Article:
A New York-based advocacy group is calling for paid summer internships for all high school students nationwide — a plan that would require expanding and revamping the city’s current summer jobs program.

Like many most youth job initiatives across the country, New York City’s summer youth employment program traditionally focused on keeping kids off the streets and out of trouble during the summer, explains the report, released Monday by the Community Service Society (CSS). Instead, the city’s program and others across the nation should offer paid internships that improve job skills and connect to a student’s course of study.

“The legacy of summer jobs is that they are they were always created as anti-violence programs, anti-this or anti-that, not pro-something,” said Lazar Treschan, author of the report. “[If] they do that, then they become something constructive rather than stopping something destructive.”

This report builds off another released earlier this year which called for universal summer internships in New York City specifically, and a recent Brookings Institution study that discusses the benefits of summer jobs, including reducing violence and improving academic outcomes. The Brookings study also notes that research has not yet linked them to improved employment outcomes.

While the previous CSS report focused on New York City, this study uses national data to justify a greater push for internships. Young people between the ages of 16 and 21 have much higher rates of unemployment than adults, and students from households earning less than $20,000 are far less likely to find a summer job than those in households earning over $100,000.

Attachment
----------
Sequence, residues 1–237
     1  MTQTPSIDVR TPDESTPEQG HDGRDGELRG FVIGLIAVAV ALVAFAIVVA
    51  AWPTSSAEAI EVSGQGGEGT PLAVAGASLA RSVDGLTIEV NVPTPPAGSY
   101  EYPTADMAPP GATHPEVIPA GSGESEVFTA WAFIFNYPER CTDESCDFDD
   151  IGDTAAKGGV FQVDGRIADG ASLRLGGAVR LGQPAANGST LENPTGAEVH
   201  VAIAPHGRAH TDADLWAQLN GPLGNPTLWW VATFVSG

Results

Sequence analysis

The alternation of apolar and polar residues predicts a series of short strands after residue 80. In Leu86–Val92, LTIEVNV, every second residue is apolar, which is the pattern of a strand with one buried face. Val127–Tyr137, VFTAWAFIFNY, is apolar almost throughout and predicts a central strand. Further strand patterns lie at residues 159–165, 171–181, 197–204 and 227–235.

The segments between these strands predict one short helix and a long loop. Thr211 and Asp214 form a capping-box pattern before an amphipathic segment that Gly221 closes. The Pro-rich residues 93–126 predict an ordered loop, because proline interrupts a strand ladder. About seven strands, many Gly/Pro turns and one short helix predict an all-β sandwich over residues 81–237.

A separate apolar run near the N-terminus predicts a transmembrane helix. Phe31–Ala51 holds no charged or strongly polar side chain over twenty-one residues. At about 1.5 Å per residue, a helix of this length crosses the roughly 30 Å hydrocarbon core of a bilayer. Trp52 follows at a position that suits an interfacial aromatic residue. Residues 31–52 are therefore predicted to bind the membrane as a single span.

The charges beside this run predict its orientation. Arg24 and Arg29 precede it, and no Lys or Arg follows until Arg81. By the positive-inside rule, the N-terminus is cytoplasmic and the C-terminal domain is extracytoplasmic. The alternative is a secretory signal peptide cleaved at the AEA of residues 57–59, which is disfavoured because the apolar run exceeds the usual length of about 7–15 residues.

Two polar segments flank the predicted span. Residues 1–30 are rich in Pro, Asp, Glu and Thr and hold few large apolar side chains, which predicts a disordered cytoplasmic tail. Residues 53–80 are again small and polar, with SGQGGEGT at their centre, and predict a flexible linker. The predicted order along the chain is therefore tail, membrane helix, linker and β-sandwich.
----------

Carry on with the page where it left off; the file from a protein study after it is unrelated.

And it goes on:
One key aspect of the proposal is the internships would be universal, meaning all students within a school, district or community would have the opportunity to participate. That helps ensure a student’s summer work experience is integrated with schoolwork and makes it easier for businesses to plan for a steady stream of interns, argues Treschan.

The goal is to match students with jobs through their own schools with assistance from community-based organizations. The report suggests $600-800 million each year as a “strong and sensible” initial federal investment to pilot the program.

Still, finding local internships could be easier said than done. A study from the Manhattan Institute this year highlighted the city’s lack of internships for career and technical education students. According to a 2015 survey from the Partnership for New York City, less than 2 percent of all New York CTE students had internships in 2014.

But Treschan maintains that the universal model can help solve that problem, too.

“If we had a universal program, where we knew [we had] X number of kids, providers would have an entire year to set up those relationships,” Treschan said. “It’s hard to create internship opportunities in two weeks.”